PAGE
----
Outer Planets of the Solar System: Jupiter, Saturn, Uranus, Neptune

Your next lesson will play in 10 seconds
  • 0:05 Four Giants and a Dwarf
  • 1:53 Jupiter
  • 2:33 Saturn
  • 3:08 Uranus
  • 4:03 Neptune
  • 4:54 Pluto
Create An Account
To Start This Course Today
Used by over 10 million students worldwide
Create An Account
Try it free for 5 days
Lesson Transcript
Instructor: Amy Meyers

Amy holds a Master of Science. She has taught science at the high school and college levels.

Take a tour of the outer planets of our solar system: Jupiter, Saturn, Uranus, and Neptune. Find out what makes each of these gas giants unique and learn about Pluto, a dwarf planet.

Four Giants and a Dwarf

Hello! My name is Star. Welcome to Out of This World Tours! Today's unique tour of the solar system includes breathtaking views of the four outer planets, commonly called gas giants: Jupiter, Saturn, Uranus, and Neptune. We'll also visit the dwarf planet, Pluto. So hop on board my ship and come with me for a ride!

It is a bit of a journey to get to our first stop. While we're traveling almost one billion kilometers, depending on where the two planets are in their orbits, let me give you some of the history of this area.

Our solar system consists of eight planets, one sun, one dwarf planet, an asteroid belt, and many moons. The sun is in the middle of our solar system. Next come Mercury, Venus, Earth, and Mars. These are the small and rocky inner planets known as the terrestrial planets. After Mars, there is an asteroid belt that separates the inner planets from the outer ones. The outer planets are called the jovian planets, meaning huge gas giant. These planets in order are Jupiter, Saturn, Uranus, and Neptune. Pluto comes after Neptune, but it is no longer considered a planet. It is now a dwarf planet.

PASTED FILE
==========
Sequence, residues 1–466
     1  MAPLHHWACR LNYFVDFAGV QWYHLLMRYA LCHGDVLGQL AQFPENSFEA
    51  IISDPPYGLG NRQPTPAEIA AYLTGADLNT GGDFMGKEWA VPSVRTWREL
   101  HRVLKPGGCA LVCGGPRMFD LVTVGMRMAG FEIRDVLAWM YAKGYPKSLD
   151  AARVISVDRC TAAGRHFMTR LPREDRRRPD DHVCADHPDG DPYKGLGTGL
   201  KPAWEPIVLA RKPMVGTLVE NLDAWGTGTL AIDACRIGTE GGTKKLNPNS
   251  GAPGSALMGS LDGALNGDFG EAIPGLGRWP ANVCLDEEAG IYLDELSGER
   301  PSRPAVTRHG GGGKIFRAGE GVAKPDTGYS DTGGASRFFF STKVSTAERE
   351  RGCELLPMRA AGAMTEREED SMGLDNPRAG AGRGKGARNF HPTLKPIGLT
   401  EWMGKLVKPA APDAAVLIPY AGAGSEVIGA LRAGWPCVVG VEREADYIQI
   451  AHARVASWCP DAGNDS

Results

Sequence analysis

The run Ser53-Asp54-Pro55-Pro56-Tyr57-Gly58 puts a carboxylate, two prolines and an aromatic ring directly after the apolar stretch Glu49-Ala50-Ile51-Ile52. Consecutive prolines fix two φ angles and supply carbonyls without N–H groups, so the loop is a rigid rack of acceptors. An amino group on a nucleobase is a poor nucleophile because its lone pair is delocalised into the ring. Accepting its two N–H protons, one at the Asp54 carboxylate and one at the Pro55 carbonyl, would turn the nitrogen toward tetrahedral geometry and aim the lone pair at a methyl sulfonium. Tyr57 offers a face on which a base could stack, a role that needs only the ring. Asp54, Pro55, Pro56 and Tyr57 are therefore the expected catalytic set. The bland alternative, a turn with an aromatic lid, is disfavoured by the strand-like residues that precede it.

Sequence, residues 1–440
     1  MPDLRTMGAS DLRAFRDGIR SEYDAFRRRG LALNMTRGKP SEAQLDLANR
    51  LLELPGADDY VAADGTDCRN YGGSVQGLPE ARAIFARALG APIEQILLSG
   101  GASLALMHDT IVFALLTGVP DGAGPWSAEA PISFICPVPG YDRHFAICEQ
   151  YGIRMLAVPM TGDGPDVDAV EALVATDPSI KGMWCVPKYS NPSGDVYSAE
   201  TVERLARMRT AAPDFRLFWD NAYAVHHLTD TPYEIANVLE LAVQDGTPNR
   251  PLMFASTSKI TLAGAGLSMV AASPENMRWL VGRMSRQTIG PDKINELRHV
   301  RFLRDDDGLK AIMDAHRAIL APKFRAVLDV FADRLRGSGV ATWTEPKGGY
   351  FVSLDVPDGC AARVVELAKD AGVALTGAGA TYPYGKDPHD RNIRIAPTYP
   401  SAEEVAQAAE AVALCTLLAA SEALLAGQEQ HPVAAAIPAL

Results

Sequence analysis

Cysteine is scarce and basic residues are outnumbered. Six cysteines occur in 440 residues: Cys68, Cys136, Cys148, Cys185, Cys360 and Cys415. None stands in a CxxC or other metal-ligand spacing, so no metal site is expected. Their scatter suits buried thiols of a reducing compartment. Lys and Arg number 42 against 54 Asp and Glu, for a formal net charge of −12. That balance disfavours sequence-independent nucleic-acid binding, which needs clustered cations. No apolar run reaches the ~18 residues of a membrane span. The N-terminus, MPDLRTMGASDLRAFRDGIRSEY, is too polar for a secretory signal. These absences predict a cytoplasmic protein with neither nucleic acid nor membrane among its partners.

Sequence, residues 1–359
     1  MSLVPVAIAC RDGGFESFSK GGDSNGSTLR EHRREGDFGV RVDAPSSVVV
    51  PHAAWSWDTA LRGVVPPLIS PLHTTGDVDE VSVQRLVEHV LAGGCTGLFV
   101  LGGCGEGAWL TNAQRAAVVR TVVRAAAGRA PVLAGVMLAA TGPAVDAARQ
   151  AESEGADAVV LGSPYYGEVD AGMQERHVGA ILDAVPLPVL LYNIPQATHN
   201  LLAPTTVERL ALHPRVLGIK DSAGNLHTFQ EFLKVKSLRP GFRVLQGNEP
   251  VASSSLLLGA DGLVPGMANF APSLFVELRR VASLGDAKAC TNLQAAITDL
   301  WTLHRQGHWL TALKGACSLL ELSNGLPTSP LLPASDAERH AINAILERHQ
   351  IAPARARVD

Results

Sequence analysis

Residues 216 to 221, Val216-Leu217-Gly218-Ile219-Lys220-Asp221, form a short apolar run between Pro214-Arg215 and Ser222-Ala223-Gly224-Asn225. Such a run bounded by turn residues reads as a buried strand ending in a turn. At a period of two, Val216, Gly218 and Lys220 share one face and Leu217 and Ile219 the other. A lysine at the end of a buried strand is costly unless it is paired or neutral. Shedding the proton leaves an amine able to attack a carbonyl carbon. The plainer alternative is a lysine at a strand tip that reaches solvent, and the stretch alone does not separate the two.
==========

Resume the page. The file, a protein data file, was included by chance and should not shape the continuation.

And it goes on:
The outer planets are also called the gas giants because of their composition.
Gas Giant Outer Planets

Size is the most obvious difference between the inner and outer planets. The outer planets are huge! Our largest inner planet is Earth, and Earth is only 1/4 the size of the smallest outer planet, Neptune.

The inner planets are rocky, sometimes all the way to their core. Gas giants are made mostly of gas with a non-gaseous core. Scientists haven't been able to discover exactly what exists in the core of a gas giant. They believe it may be solid or made of liquid metal.

Hold on, we're traveling through the asteroid belt now, and the ride gets a bit bumpy. Finally, that's over. Look! Here we are at our first stop - Jupiter.


Jupiter is the first of the outer planets in order. It is also the biggest, with a mass that is more than all the other planets combined. Jupiter is so big that it often changes the trajectory of passing comets and thereby protects the inner planets from being hit by them.

Jupiter spins very fast on its axis, so one day there is short, only 10 Earth hours. But its year is quite long, nearly 12 Earth years.

Look out your window and check out those colorful bands. The pattern of wide and narrow bands you see are made of whirling clouds. Jupiter also has very faint rings and at least 50 moons - probably more! Wow! What a great place to visit.


The next stop on our tour is Saturn. Most people know Saturn for its rings, which are the brightest rings in the solar system. Many people don't know that Saturn is also a windy place, with winds at its equator that get up to 1100 miles per hour! Saturn also boasts 50 moons, including the largest moon in the solar system - Titan. Titan is bigger than the planet Mercury and is so large it has its own atmosphere.